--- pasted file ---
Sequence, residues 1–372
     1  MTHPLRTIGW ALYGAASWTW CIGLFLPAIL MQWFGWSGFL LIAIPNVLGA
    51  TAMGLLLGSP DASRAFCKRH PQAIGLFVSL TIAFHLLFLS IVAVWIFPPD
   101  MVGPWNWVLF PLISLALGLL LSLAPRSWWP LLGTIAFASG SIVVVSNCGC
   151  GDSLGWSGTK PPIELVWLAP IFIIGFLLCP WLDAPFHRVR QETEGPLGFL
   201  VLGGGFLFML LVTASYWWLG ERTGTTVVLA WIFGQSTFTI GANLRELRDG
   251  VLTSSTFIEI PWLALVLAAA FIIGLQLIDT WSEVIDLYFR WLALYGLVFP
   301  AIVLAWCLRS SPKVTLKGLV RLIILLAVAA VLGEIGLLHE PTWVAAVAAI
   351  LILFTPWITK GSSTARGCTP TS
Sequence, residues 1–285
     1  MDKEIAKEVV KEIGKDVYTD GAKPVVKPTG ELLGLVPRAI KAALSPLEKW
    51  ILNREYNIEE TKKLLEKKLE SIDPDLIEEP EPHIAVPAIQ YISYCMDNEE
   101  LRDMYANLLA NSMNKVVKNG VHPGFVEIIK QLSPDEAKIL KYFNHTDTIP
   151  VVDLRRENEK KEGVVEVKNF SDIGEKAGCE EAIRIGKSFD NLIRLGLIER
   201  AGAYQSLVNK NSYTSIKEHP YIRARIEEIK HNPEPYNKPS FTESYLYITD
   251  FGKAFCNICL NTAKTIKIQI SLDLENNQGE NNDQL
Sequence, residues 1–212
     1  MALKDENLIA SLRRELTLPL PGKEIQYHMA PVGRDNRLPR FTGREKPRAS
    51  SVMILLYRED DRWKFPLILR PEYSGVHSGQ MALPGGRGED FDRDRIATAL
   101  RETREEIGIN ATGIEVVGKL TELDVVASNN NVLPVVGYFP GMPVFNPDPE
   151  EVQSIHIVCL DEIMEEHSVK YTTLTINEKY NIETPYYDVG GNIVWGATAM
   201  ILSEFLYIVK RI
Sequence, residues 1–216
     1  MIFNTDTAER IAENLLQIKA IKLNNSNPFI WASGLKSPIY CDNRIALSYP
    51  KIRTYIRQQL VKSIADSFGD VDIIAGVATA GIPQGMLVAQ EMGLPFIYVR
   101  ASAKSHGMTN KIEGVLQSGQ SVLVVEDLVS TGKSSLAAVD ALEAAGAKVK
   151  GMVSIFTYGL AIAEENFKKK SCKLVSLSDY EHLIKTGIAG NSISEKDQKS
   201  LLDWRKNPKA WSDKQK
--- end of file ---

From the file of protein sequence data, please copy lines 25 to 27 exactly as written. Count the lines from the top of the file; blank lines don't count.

    51  KIRTYIRQQL VKSIADSFGD VDIIAGVATA GIPQGMLVAQ EMGLPFIYVR
   101  ASAKSHGMTN KIEGVLQSGQ SVLVVEDLVS TGKSSLAAVD ALEAAGAKVK
   151  GMVSIFTYGL AIAEENFKKK SCKLVSLSDY EHLIKTGIAG NSISEKDQKS